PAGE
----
Thursday, September 26 2013, 01:52 PM - #Permalink
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    It has been a while...the new site is awesome, even though I had to recreate myself...I'll get over it.;) Adaptability and iteration are kernel to any process management endeavor. Both come out of knowing the end goal and the strategy of getting there. Together they facilitate short term and long term sustainability. It not only applies to physical systems, the concept encompasses the architecture of the organization where everything is relative.
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  • Accepted Answer

    Eli Stutz
    Eli Stutz
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    Tuesday, November 05 2013, 03:10 AM - #Permalink
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    Efficiency and BPM are hard to separate. In some ways, BPM is all about making operations more efficient. This is its primary purpose. So its hard to say that efficiency is not number one when it comes to the aspects of successful BPM. That said, in each time period there are specific other elements which become almost just as important. Today, that aspect is adaptability. Companies who cannot adapt, will sink. Intelligent BPM software enables such adaptation and is essential to company's survival. It's like Einstein said, "Imagination is more important than Knowledge." How can such important concepts really compete with each other? (That's a rhetorical question). Bottom line: both are tantamount to a project's success.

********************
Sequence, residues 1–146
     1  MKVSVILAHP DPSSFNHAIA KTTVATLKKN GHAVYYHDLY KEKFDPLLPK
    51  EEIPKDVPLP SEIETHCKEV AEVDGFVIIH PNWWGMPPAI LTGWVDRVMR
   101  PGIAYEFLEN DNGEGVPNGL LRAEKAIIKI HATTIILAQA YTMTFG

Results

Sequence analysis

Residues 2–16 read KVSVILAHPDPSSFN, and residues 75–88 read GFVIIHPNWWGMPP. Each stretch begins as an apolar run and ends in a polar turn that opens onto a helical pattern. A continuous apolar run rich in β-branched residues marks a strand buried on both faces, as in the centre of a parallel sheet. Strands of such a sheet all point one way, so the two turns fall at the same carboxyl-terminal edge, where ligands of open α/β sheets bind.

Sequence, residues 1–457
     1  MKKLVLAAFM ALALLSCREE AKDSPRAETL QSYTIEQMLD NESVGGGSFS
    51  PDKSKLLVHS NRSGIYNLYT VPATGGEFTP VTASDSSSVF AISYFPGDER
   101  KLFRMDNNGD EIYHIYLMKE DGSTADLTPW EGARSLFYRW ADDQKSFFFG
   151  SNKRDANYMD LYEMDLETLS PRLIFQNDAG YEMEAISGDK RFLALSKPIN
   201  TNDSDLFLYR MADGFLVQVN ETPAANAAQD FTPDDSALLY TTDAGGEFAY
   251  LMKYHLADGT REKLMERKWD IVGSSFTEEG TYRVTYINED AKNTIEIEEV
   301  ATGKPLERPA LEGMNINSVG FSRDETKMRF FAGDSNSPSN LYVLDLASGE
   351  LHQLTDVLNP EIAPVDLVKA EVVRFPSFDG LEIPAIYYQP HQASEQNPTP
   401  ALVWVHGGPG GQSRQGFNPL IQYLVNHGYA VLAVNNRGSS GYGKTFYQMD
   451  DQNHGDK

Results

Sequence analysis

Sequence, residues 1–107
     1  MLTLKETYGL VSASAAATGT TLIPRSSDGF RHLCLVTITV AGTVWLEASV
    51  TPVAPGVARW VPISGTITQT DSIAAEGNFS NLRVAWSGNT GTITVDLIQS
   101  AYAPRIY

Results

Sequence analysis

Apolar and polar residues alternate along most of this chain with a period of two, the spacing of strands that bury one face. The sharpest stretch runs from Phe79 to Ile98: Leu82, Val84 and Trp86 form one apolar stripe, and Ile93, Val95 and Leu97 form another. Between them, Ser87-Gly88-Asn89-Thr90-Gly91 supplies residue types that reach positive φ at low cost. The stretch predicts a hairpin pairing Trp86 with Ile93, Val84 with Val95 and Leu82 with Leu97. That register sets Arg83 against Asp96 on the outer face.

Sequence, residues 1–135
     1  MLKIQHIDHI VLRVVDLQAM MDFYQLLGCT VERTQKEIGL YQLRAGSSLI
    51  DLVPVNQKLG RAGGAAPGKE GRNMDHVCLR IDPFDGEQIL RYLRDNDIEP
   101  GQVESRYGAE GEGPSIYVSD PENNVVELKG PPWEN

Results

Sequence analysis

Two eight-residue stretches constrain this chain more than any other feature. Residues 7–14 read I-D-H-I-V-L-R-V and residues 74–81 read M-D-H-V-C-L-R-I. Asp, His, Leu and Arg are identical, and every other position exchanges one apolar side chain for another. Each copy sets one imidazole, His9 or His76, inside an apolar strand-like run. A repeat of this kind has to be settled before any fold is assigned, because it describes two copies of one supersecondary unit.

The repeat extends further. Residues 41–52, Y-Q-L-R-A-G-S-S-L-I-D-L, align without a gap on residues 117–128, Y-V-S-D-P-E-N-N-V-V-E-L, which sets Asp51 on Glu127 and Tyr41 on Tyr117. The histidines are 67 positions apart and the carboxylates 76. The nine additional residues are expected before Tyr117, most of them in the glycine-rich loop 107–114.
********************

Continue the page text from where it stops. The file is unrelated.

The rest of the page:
• David Chassels
      more than a month ago
      Agreed but let's have some clear expectations as to what "intelligent" actually means in business language..... removing the hype!